Book Review: What Red Was

Book Review: What Red Was

Rosie Price’s novel has been one of the most eagerly anticipated book releases of 2019. There was a publishing scramble to attain this book with Penguin ultimately winning the fight. It is an exceptionally accomplished debut novel with strongly drawn characters. It is nuanced, true to life and it will make you burn with rage. Price has not shied away from tackling challenging material here: consent, sexual assault, substance abuse, self-harm and depression are just some of the topics that she deftly examines.

The in-depth portrayal of a platonic friendship between a man and a woman is refreshing.

When we first meet Kate Quaile, she is a teenager who is studying languages. It is hard not to relate to her; her sense of insecurity, her awkwardness, her vague but deeply felt hopes for the future. In these early chapters, the reader is very much back experiencing whatever existential crisis they encountered as a teenager. Kate meets Max Rippon in her first week at university. He is the human embodiment of the term ‘gap yah’. He is incredibly privileged but wears it lightly, and they quickly become inseparable. This is a platonic friendship though, and although sections of the book are reminiscent of David Nicholls’ bestselling novel One Day, I admire Price’s decision to delineate from the archetypal ‘girl meets boy’ story. I think it also enables the degree of loyalty, trust and openness between Kate and Max later in the novel.

The nuances of sexual assault are explored.

The book jacket warns the reader that Kate has her life “shattered” at a party. This happens quite early on in the novel. I felt that I already knew what would happen to Kate; it is why women are frightened to walk on dark streets, it is why women hold house keys in their hands for defence just before they get to their front door, it is why women bring their drinks to the loo on nights out. Kate is raped at a party. Memory and its relationship to sexual trauma are of particular interest to Price and she devotes large sections of the novel to this exploration. There is a mosaic-like quality to Kate’s memories of the rape. It does not come to her as one solid memory but fragments that come together.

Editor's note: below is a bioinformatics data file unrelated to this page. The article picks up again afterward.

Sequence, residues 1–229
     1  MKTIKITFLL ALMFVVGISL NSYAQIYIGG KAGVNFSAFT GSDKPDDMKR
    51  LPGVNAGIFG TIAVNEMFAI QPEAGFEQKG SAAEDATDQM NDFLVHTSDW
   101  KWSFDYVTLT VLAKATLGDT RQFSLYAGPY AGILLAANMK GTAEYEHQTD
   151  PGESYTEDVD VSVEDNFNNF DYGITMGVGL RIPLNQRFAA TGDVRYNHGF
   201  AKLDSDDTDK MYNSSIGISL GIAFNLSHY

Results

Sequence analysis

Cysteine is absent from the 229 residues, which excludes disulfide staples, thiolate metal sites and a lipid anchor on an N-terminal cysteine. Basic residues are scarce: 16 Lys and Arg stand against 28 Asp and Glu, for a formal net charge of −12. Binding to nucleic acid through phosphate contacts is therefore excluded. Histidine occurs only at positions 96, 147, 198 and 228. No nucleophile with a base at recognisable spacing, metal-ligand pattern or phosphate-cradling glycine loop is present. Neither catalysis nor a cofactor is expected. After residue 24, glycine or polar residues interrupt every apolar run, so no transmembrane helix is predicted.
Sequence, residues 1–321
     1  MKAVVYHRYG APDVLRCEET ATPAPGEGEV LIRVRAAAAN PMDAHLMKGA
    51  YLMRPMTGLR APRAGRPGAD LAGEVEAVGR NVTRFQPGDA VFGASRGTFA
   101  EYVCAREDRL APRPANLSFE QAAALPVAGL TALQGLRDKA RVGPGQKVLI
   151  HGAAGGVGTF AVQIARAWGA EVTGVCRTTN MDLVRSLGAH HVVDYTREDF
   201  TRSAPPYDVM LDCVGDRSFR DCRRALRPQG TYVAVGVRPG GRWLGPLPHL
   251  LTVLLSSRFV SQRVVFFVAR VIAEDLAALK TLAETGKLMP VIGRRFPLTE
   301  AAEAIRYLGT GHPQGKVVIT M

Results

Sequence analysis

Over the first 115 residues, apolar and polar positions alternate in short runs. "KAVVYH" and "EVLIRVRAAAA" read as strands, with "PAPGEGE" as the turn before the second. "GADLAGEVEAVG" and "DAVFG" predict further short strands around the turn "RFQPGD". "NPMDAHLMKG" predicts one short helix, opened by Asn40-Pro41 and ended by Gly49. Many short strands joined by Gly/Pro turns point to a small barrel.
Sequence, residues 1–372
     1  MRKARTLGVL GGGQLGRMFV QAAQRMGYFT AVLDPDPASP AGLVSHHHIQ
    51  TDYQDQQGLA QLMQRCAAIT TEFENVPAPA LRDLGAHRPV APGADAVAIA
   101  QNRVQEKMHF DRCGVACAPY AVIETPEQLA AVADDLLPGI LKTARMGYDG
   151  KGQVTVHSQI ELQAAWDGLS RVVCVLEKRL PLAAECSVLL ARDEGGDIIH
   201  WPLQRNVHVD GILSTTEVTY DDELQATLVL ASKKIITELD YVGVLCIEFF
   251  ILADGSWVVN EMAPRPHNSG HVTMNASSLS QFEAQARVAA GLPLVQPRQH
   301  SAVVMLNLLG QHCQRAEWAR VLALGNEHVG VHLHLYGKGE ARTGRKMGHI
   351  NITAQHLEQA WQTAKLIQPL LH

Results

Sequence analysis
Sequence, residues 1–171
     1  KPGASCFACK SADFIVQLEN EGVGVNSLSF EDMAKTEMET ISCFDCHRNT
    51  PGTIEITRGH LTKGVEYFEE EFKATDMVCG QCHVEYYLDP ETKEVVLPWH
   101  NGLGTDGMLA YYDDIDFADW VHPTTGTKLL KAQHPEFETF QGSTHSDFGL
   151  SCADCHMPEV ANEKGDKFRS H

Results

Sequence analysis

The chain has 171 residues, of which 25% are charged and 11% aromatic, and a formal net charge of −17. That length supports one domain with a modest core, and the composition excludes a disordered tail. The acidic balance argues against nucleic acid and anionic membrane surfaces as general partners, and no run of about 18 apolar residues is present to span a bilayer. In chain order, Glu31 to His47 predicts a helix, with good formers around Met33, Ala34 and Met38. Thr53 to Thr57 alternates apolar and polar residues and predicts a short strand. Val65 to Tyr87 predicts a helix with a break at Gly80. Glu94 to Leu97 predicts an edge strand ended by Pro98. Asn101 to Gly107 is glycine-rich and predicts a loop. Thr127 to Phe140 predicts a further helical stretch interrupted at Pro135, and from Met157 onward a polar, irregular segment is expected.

Misogyny is picked apart to reveal its essence.

Price gets into the mind of Kate’s rapist. His need for control; to control not just women but also the narrative. There is a story that he keeps telling himself about Kate that has no bearing in reality. It is purely the product of his imagination. His misogyny is startling in its openness, how blatant his hatred of women is: “There was a weakness in her which he’d seen in other women before her…She craved approval, and that was what had led him to her that night last summer – her need to be validated.” 

Kate’s relationship with herself is the most important relationship in this novel.

Kate’s relationship with herself is the most important relationship in the novel – not her friendship with Max, not her interaction with her rapist (both physically and emotionally), not even her relationship to her family. It is painful to read Kate’s self-loathing after the rape: “either the world was at fault for what she had suffered, or she herself was to blame…for whatever reason, genetic fault, inherent weakness…then she was deficient.”.
Throughout the novel, Kate’s self-esteem is in flux and one of the factors behind this is society’s perception of rape. The novel dispels many of the incorrect assumptions about rape – mainly that there is one definitive experience of rape. On reading What Red Was, I was reminded of the importance to have these difficult but necessary discussions, both on the page and in real life.

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